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Prep for Prelim 1 - Guidelines for First Exam Here is some...

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Guidelines for First Exam Here is some more guidance for studying for Thursday’s exam in DSOC 275. The exam will consist of a set of short answer questions. Depending on the guidance given on the exam, a “short answer” could be a list of items or a response of up to a modest paragraph. There will be questions from all topics covered so far this semester and you are responsible for all readings and lectures. The questions will be focused on main arguments and facts and not on minor or hard to find points or facts. The lectures provide guidance for what is considered major or important. If I were studying for this exam, I would make sure I had a grasp of the major or central arguments and supporting facts in each of the following areas: a) Major immigration debates b) Major policy milestones c) Nature of the immigration eras of American history d) Origins of largest immigrant groups in U.S. and NYC and trends in the composition of the immigrant population. e) Major types of immigrants (legal status and types of migration flows f) Theories of migration g) Principal settlement areas within the U.S. of diverse foreign-born groups and factors attracting immigrants to new or non-traditional destinations. h) Human capital of immigrants and differences across national origin groups.
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The Major Debates Demographic Debate Unprecedented in size? Issues of population growth? Environmental degradation? Economic Debate Effect on economy? PRO: Increase overall production CON: Not enough to increase per capita production Effect on US workers? PRO: Fill undesirable jobs and create new jobs CON: Reduce wages Harm to minorities? Cultural Debate Assimilation? Role of English? Ethnic-based conflict? Accommodating diversity? Policy Debate Family reunification vs. occupational skill? Change legal limits? Border enforcement? Complicated by 9/11 Legalization or deportation? McCain-Kennedy Bill Ways to verify status? REAL ID Act Ethics Debate Is opposition racist? Undocumented rights? Borders? Confining to National interest? Balance ethical criteria?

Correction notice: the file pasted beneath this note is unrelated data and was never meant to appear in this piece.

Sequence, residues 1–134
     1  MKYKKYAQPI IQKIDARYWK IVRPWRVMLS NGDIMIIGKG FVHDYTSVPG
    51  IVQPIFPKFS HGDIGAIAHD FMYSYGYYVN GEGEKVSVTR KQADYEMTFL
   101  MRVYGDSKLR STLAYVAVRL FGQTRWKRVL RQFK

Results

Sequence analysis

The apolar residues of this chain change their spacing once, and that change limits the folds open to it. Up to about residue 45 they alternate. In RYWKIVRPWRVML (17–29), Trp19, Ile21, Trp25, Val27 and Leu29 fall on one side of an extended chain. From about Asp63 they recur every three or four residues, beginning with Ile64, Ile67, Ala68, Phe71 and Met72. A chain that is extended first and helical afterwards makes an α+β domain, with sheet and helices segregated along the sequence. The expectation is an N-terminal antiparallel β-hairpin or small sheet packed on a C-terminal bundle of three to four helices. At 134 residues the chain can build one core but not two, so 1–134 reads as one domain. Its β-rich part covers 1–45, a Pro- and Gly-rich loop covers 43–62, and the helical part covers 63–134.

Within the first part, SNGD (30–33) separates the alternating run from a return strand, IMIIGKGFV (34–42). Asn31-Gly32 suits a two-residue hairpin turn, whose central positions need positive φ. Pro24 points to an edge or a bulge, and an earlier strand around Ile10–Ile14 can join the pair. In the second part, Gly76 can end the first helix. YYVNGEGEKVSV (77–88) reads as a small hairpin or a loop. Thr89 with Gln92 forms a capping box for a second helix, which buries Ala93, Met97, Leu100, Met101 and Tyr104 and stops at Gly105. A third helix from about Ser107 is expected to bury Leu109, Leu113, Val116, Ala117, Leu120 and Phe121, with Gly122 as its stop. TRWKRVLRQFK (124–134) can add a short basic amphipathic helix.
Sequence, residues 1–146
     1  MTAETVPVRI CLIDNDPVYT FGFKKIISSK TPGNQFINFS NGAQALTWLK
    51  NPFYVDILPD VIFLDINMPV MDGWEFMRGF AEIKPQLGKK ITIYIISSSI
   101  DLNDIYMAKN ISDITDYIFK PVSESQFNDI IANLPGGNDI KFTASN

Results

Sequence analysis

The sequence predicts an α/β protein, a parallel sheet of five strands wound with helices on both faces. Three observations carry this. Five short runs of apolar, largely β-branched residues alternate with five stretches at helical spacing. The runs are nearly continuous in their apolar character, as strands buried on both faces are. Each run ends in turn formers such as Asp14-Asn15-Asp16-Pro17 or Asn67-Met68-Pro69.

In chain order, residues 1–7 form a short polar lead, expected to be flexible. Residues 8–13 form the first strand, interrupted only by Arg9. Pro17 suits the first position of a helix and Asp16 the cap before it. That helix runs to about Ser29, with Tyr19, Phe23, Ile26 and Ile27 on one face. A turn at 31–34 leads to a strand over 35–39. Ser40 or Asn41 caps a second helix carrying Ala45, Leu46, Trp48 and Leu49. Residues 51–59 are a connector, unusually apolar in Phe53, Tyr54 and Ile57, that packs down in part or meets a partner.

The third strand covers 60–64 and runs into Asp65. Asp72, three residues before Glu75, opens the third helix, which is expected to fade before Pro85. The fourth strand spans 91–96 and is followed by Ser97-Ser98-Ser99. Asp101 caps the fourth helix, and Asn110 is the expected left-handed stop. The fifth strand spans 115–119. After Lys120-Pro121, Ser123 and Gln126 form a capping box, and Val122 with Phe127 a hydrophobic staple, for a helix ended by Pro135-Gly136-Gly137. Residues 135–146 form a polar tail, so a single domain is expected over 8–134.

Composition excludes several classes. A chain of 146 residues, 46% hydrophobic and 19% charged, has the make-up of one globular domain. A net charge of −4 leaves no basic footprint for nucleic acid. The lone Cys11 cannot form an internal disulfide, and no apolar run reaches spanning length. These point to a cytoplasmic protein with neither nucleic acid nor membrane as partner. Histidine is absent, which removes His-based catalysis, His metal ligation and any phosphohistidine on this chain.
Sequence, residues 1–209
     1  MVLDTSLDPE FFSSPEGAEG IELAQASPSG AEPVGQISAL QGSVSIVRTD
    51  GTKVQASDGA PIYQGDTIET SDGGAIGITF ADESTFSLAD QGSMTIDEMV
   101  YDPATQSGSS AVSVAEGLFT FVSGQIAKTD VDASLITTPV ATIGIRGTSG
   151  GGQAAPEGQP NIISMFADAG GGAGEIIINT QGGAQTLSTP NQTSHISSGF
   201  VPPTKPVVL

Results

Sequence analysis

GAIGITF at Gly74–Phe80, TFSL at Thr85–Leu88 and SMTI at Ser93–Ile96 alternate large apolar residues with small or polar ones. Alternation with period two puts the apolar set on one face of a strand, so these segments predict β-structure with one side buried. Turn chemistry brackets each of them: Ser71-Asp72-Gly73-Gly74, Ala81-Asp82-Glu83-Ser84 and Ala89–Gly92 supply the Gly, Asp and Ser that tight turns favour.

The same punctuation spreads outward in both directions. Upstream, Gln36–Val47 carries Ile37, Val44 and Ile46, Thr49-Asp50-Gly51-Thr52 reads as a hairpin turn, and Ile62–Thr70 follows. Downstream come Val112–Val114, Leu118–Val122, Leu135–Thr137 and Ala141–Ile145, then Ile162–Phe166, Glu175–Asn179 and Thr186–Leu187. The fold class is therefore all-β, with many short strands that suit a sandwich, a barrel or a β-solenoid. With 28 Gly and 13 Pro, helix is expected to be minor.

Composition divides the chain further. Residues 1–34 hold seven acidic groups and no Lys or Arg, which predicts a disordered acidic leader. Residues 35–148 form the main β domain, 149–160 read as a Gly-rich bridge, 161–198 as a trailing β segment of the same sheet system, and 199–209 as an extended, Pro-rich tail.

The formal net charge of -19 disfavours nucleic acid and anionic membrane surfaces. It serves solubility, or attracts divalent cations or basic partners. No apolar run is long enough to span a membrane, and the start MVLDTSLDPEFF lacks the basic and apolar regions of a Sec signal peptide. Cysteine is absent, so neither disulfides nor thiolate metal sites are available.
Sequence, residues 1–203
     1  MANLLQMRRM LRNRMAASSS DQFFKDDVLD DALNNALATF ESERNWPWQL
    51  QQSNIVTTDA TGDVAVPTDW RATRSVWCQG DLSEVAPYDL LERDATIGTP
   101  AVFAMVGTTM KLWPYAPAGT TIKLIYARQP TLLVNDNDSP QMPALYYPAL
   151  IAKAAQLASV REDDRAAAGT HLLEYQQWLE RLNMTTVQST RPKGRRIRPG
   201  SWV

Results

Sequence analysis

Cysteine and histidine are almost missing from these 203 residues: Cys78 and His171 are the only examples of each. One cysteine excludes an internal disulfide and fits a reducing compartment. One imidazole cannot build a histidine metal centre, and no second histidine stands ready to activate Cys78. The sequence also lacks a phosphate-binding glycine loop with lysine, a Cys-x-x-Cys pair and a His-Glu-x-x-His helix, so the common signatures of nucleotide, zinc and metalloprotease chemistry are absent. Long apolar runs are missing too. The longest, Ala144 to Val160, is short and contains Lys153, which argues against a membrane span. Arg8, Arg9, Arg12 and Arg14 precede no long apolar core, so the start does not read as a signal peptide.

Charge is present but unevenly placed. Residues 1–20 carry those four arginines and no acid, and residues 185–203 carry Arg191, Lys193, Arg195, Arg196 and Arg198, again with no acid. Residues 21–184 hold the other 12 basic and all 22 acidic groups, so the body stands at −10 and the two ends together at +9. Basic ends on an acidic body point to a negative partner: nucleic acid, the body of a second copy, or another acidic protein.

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Immigration Eras and Policy Milestones Colonization Wave (1607- 1796): Open borders and need for labor
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*England placed no restrictions on emigration 1807 Slavery mportation abolished Frontier Wave (1820-1870): Non-legal slave imports, Western Europeans *Few numerical restrictions 1864 Supreme Court affirms federal authority over immigration 1875 Act prohibited immigration of criminals, prostitutes, and Chinese Industrialization Wave (1880-1925): Labor recruitment and restrictions *Federal numeric restrictions 1882 Chinese Exclusion Act 1882 Immigration Act established Federal responsibility and provided more details on undesirables 1907 “Gentleman’s Agreement” with Japan 1921 and 1924 immigration acts set quotas on national origins of who could come 1921 Quota law set quotas for national origins at 3% of the group’s U.S. resident
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